If you need to hire salespeople who have great consultative selling ability, read our whitepaper on sales selection.

whitepaper banner

Topics: Consultative Selling, recruiting sales people, chris mott, hiring great salespeople, selling value

Seven Tips for Simplified Selling

Posted by Chris Mott on Tue, Oct 21, 2014 @ 14:10 PM

Keep_it_Simple.png

Have you ever gone to buy something, asked a salesperson for help, and left completely confused?   

Why is it that we (salespeople) make simple things so complicated?

I believe that in a desire to sound intellegent, cover all the bases, and educate our prospects, we often confuse, put-off, and alienate the very people we are trying to help.

In my post today, I discuss this problem, and offer some simple solutions:


 

If you are committed to improving sales productivity by recruiting salespeople who "Will Sell", click on the icon below for a free trial of our Sales Candidate Assessment.

Sales Candidate Assessment Free Trial
  

Topics: Consultative Selling, sales process, coaching salespeople, questioning and listening

How Well Will You Adapt? – The Sales Seismic Shift

Posted by Chris Mott on Fri, Aug 17, 2012 @ 09:08 AM

A client of mine sent me an article recently from the Harvard Business Review titled The End of Solution Selling.  It is a long, well-researched piece which challenges the status quo.

A key premise is that customers now are investing a significant amount of time and energy before they engage salespeople to diagnose their own problems and identify the solution. Salespeople, who historically have focused on finding a problem and identifying the solution, now increasingly are seen as unnecessary and redundant. 

Many salespeople view themselves as facilitators of a buying process, which they frequently allow the prospect to design and control. They spend much time explaining why people should buy from them instead of helping the prospect identify the potential flaws in their logic and decision-making. They get lost in the details and miss the opportunity to discuss the big picture, including industry change, disruptive events and how this aligns with or may undermine the potential customer’s strategy.

Yesterday, I spoke to a recently hired sales leader. In our conversation, he shared that while improving the effectiveness of his sales force was an important priority, the bigger issue was getting senior management to understand that “sales” is as important as operations and that great products don’t sell themselves. This comes from a company with over 500 employees.

roaddamage resized 600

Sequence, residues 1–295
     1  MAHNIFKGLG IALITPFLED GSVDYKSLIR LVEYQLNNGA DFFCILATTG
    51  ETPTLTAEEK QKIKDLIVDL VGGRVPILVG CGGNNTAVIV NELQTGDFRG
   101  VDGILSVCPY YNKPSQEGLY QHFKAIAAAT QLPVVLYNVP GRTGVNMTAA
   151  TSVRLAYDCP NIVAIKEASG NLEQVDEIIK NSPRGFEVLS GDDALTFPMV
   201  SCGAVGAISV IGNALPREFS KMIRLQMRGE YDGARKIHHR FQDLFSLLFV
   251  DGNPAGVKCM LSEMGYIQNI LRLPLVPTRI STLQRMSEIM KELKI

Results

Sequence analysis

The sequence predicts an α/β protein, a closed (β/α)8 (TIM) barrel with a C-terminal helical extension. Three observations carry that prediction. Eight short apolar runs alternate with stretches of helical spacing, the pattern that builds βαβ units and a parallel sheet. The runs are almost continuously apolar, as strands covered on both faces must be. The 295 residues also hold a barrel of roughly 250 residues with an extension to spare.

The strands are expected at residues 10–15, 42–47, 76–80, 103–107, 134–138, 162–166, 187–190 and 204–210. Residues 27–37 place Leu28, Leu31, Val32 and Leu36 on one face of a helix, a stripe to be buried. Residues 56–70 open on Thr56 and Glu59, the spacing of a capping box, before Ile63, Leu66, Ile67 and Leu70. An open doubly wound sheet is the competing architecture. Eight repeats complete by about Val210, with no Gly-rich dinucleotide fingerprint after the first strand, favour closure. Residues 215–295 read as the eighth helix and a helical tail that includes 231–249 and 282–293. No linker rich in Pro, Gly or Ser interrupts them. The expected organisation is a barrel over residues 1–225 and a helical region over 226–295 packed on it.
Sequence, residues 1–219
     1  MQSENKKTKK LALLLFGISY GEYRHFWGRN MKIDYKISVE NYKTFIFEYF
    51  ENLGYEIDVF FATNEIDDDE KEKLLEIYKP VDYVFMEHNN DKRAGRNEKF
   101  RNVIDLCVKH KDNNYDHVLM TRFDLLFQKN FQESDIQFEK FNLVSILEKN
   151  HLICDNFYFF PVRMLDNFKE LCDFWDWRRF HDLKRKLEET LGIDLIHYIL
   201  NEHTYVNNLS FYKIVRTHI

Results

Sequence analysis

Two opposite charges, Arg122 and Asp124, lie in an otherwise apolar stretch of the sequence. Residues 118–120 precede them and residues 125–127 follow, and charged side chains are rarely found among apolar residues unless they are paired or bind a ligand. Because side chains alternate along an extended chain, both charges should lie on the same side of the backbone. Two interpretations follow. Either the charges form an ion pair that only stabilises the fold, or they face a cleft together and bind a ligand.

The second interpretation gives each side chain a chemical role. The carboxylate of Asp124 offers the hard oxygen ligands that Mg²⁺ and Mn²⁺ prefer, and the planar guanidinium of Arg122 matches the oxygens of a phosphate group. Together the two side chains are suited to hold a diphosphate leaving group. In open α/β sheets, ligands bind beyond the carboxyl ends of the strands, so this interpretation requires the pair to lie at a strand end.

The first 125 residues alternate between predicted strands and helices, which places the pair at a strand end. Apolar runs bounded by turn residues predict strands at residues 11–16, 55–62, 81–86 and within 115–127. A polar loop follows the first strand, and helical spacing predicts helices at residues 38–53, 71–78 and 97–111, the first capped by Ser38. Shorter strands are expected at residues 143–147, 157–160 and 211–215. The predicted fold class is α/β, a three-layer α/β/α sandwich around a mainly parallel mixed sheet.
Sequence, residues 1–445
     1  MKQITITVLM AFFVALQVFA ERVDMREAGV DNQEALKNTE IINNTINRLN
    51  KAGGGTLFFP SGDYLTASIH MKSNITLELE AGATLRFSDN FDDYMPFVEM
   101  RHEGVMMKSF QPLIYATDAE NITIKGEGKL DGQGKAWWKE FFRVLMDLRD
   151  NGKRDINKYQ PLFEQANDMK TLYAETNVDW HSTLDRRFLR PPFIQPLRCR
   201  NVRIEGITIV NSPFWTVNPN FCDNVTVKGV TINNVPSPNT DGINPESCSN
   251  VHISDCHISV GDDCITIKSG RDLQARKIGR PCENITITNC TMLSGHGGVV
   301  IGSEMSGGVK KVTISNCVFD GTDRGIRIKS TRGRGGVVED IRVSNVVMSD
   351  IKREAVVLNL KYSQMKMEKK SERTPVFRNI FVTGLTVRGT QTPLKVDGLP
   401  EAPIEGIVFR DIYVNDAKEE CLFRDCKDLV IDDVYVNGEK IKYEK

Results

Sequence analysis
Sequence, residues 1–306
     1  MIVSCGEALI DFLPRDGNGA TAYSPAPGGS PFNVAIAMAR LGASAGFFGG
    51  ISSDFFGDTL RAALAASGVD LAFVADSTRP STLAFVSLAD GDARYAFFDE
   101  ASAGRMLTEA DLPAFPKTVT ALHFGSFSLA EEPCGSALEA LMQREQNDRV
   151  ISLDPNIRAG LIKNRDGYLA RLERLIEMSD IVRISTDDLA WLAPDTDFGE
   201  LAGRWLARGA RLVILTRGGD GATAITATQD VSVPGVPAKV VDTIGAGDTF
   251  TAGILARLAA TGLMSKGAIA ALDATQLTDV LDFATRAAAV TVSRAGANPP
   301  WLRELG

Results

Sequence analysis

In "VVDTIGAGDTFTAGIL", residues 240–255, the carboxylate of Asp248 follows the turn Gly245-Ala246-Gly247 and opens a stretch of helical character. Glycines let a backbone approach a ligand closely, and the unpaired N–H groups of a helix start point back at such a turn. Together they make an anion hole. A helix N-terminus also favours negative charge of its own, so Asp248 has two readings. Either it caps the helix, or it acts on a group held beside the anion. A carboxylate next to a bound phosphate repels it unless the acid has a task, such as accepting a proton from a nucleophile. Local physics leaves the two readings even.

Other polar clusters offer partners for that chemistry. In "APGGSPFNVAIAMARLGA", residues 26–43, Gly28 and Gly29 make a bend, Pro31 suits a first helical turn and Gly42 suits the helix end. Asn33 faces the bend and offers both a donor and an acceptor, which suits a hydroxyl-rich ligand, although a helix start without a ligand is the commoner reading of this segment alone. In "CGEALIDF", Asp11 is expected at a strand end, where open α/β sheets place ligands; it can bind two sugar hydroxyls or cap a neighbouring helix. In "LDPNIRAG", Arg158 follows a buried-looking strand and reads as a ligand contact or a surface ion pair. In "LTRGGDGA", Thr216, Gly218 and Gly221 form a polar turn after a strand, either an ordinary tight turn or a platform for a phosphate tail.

Developing salespeople, from presenters of a value proposition to proactive hunters with great consultative selling ability, is the biggest and most important challenge facing the sales industry today. The days of building a relationship and presenting a solution are gone forever. Unfortunately, most salespeople don’t know that a seismic shift has already taken place and they’re not prepared for what’s coming.

Great salespeople love when prospects push back. They relish the idea of being challenged and engaging prospects. They understand that their real value comes from dialogue and their ability to change people’s thinking and perception. In Baseline Selling terms, they spend much time between first and second base, building SOB quality. Remember that SOB means that the prospect is paying more attention to you than anyone else because you have helped them discover new challenges, opportunities and concerns which need to be addressed.

Which percentage of your salespeople are proactive hunters who excel at consultative selling? How many lean in when their prospects push back, not out of frustration but because they naturally engage in honest two-way conversations? Lastly, how effective are your sales leadership skills in developing your salespeople in these critical areas?

Kurlan & Associates, Inc. is holding a two-day Sales Leadership Intensive in Boston on October 3-4. The program is for CEO’s, President’s, GM’s and Sales Leaders committed to excellence.

Topics: sales culture, Consultative Selling, sales model, sales methodology, sales training, harvard business review, solution selling, hbr blog, chris mott

Subscribe to Email Updates

Scan the QR Code with your smartphone for immediate access to Chris Mott.

Chris Mott LinkedIn

Sales Leadership Intensive

http://www.kurlanassociates.com/sales-leadership-event/

hiring mistake calc